Pruning strategy for apple tree regrowth

So I am revisiting my approach to saving trees which had died back over the winter.

In past years, I would let all growth stay, in the theory that the more leaves the better the chance a tree would survive/thrive. That has not always been all that successful, but then again this is on trees which weren’t doing all that well to start with.

Right now, I have a Gold Rush apple which had mostly died back over the winter but is starting to regrow from above the graft. This tree was pretty vigorous but has some mechanical encounters and this last winter which caused a large die back. I was thinking of changing my typical approach and pinching off all the leaders except the one selected to be the new main leader.

I am curious if others have experimented with various pruning techniques for this situation and what they found has worked best.

IMO you are basically starting over building a tree, other than now you have an established root system. Maintain a single central leader during a growing season (if not for the life of the tree) and allow minor side branches to grow if not deemed suitable for future scaffolds to provide more leaf area.

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I would think that the more important question is why are you having trees die back over the winter. Apples, pears, cherries, euro plums should all be completely hardy in zone 5a, I think. What is dying back, and why?

Winter dieback was widespread in my part of zone 5A/B last year so that wasnt uncommon. If it is happening yearly though you might want to look into the reasons. Possibly fertilizing too late into the summer or fall.

Thanks. The reasons for the die back are varied, but primarily due to our rather severe temp swings and strong winter winds. I think I have my fertilization timed OK to prevent late summer/fall growth. And there is the occasional rodent damage and other physical damage.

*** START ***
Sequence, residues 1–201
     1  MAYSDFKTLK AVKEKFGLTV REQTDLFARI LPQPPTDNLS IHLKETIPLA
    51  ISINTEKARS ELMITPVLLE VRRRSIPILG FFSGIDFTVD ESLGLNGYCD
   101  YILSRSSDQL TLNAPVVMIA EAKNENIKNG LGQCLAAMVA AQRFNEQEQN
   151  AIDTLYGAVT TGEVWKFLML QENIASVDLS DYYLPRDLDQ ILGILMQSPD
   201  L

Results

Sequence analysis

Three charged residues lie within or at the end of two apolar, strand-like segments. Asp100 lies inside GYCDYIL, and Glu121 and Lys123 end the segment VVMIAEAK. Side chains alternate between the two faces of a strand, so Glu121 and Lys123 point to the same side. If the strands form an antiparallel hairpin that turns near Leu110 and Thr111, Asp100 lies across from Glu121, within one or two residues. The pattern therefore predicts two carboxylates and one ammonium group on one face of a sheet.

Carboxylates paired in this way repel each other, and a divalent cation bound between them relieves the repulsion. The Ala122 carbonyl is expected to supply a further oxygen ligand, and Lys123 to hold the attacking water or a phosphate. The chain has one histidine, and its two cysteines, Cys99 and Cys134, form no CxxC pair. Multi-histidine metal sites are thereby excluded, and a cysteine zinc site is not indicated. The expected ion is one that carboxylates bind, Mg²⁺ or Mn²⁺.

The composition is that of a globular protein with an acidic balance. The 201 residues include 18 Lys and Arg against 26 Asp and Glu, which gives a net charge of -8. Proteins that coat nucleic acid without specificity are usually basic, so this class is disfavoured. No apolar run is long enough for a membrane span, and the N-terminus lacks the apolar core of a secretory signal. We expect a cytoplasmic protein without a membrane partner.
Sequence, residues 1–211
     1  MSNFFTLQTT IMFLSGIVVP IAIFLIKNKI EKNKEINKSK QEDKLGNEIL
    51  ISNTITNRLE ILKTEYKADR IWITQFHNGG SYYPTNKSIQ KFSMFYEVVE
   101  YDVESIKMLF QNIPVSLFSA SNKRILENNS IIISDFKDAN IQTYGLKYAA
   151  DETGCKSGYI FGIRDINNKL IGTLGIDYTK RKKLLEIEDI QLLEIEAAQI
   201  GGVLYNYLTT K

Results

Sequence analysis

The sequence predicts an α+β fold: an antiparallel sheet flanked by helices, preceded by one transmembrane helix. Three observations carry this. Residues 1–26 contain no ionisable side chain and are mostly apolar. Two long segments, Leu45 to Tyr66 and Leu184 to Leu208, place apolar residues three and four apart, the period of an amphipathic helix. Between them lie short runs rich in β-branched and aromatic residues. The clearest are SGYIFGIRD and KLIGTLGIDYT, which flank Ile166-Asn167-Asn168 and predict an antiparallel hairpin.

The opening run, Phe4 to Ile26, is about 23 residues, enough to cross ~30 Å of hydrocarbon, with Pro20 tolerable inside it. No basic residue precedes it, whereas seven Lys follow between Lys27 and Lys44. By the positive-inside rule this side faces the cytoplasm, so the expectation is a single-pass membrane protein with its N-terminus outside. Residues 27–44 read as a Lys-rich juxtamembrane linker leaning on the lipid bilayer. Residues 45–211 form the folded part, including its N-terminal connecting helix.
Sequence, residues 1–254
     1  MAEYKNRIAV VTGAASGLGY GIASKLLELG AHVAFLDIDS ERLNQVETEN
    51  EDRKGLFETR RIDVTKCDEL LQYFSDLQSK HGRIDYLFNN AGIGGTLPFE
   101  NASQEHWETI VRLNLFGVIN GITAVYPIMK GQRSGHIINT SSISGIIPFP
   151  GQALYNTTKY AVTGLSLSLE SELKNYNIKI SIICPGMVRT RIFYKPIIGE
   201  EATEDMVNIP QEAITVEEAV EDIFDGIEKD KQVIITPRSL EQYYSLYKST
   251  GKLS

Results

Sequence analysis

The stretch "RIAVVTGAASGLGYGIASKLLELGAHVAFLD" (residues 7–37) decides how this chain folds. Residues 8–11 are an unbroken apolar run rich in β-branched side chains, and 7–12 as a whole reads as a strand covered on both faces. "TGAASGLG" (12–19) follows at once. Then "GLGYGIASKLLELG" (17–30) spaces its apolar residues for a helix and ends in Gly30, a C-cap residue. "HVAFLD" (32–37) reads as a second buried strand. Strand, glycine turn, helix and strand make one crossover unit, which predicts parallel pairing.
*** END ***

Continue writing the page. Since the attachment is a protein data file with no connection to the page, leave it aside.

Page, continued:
This particular tree had its deer cage blow into it two winters ago. That broke several branches, scrapped off some bark. It regrew last year from several new shoots. This spring only one of those shoots seemed to still be growing and it had died back to within 6" of the ground. I presume due to winter kill as no other problems seem present. I am trying pinching back to a single leader this year; and we’ll see how it does.

I am in fairly rough spot for most fruit trees. Short growing season; late and early frosts, warm spring weather followed by freezes, and strong drying winter winds. I try to take this all into account, and generally only plant the hardier variety of trees with early harvest dates. Even so I am seeing some interesting trends.

Not all cold hardy apple and pear trees do well here. Some are great, however quite of few that “should” do well here don’t, primarily due to winter/spring die-off and desiccation because of our strong and persistant winter winds. I plan on trying some anti-desiccant spray this coming winter, but beyond that, it has mostly been a bit of learning which varieties work and which not. I still don’t have a complete list, but I am starting to know some varieties which appear to do well here.

An ongoing “research project.” But perhaps, if the variable weather patterns we’ve seen the last few years continue, information of this sort will be useful for others in less severe locations.

Steve333:

People elsewhere look at your zone and draw conclusions without understanding the climate/weather on the front range of Rockies. The primary issue is constant wild temperature swings fall thru spring. The frequent dry winds don’t help but I’m not sure how much damage that adds. Please post back if you get good results from the anti-desiccant.

We have the constant large temperature swings in west TX. As a result things like figs sustain more winter injury here than places back East that are 1-2 zones colder.